It snowed for two days straight, and while we did not end up, by any means, snowed in, there was still quite a bit of snow covering our neighborhood.  This morning, we slept until an impatient Ellette woke us up.  Then, with the guilty feeling of needing to do something worthwhile with our day, we geared up and went for a walk.

I love snow.  When I say this, I always get looks from people as though I am off my rocker.  It is sad that for many people, snow is nothing but an inconvenience.  It makes walking difficult, it makes driving hazardous, it means it’s cold outside and that makes them uncomfortable.  So many negative comments about the ways of nature.  I can’t quite understand.

As a knitter, snow represents the ability to wrap my family in handmade warmth.  And, more so, they appreciate it.  Ellette adores the chunky purple gloves I made her over winter break.  I had my first ever scarf wrapped firmly around my neck.  Without snow, I think more people would be looking to put me in a looney bin.  Instead, they eye up our hand knit outerwear with a little envy and understanding for it’s practicality.

Even before I learned how to knit, however, snow has always been enchanting.  I love sledding, skiing, building snow men.  I even love tromping through a foot of snow during a snow storm.  It makes me feel alive, and when I finally reach my destination, I have always felt instantly warm and cozy upon entering.  It makes the world seem quieter and more peaceful.  It accentuates the branches of bare trees and makes them look soft.  You can track different animals in the fresh snow, not to mention having wicked snow ball fights with friends.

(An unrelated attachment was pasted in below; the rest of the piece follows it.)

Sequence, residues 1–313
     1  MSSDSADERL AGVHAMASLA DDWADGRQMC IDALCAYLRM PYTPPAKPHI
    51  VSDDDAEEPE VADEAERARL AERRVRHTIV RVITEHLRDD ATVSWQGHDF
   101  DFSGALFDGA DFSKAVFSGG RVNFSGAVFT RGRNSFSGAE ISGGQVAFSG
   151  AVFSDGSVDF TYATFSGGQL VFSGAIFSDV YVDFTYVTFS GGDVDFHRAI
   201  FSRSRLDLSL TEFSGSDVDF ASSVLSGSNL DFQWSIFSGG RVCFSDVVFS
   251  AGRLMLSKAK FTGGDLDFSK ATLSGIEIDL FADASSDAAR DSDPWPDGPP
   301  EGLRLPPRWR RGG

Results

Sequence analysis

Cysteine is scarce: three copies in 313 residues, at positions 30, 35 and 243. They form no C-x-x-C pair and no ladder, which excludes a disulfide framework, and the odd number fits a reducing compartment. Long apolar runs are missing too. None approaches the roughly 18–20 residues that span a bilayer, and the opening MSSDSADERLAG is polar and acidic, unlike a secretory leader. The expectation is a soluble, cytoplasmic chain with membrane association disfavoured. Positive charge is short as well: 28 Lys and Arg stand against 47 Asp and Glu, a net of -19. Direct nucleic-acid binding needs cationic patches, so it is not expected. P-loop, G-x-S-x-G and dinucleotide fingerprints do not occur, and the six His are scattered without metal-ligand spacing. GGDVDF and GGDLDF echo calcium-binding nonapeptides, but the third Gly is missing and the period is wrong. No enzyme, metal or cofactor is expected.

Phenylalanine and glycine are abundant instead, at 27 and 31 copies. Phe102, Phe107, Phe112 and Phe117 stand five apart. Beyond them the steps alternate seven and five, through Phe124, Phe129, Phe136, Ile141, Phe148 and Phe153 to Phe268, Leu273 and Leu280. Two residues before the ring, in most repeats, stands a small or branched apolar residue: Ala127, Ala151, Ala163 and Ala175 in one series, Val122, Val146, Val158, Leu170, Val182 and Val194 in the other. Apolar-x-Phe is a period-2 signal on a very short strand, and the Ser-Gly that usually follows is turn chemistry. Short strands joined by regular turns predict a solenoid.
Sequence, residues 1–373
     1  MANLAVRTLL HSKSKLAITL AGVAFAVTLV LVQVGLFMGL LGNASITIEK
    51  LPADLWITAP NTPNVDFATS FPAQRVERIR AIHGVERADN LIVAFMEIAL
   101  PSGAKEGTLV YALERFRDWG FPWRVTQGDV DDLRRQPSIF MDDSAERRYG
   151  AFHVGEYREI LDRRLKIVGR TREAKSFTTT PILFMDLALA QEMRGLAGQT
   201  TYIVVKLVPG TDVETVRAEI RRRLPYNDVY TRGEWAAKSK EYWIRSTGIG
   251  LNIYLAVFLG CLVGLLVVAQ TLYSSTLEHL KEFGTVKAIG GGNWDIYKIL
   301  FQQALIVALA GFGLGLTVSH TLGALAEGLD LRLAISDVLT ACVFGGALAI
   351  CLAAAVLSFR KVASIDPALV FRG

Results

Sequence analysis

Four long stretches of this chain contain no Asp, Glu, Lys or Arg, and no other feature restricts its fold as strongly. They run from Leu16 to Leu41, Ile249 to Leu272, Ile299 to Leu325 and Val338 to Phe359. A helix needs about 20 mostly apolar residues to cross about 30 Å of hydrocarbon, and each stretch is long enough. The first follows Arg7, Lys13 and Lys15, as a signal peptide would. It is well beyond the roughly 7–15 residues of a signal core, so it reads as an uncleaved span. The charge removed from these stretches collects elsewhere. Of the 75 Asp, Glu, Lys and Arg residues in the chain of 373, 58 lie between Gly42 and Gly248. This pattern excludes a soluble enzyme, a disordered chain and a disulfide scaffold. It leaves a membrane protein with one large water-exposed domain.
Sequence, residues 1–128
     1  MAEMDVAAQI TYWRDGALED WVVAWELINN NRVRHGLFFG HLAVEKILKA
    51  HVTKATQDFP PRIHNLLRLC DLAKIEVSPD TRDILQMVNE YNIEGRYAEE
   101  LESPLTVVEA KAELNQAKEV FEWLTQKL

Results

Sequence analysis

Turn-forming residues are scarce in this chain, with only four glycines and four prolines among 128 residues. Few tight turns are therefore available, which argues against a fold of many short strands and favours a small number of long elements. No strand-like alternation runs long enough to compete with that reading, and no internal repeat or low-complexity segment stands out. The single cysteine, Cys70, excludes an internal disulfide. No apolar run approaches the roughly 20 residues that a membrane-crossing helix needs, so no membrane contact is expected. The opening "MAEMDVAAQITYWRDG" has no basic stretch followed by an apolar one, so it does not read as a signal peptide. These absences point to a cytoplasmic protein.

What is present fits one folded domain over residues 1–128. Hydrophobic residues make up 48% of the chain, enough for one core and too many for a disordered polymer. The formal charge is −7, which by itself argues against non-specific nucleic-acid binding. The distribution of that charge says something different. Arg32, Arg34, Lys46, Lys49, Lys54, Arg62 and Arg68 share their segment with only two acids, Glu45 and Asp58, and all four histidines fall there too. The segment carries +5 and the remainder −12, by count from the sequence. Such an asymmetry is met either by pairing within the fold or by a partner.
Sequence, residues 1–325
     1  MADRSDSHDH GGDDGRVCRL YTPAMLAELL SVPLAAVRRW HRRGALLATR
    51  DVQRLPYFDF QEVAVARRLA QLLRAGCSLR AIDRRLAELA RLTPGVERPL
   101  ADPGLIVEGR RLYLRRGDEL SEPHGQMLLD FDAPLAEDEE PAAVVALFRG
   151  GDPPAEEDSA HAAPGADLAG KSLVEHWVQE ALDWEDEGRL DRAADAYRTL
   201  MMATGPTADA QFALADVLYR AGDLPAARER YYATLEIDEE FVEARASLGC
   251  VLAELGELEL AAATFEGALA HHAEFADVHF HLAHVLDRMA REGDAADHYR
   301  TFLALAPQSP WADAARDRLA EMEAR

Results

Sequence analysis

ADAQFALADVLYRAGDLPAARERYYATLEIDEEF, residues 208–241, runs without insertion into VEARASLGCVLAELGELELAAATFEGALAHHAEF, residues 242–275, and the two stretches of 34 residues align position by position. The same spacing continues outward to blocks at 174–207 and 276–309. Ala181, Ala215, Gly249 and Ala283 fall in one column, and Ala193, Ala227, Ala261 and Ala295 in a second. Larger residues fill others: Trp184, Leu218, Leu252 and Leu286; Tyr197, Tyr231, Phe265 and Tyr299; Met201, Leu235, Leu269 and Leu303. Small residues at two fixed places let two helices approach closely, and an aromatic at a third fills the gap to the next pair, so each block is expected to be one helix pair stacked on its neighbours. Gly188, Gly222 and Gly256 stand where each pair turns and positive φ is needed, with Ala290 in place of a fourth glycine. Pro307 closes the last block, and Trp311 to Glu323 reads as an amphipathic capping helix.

So, this afternoon, we geared up and went outside.  After a small snow ball fight, we put on our yak tracks and trekked to the lakefront.

The frozen sand was an interesting juxtaposition in nature for us.  We spent a good amount of time breaking off discs of it to skip across the water’s surface. 

Before returning home, I made the realization that the waterproofing on my boots had worn off.  They need to be mink-oiled regularly to maintain winter-proofness.  Odin took it as an opportunity to waterproof everyone’s boots, and now we have a string of shoes drying in the doorway.

Looking at the set up, our house feels even more like a gnome cottage from a fairytale.

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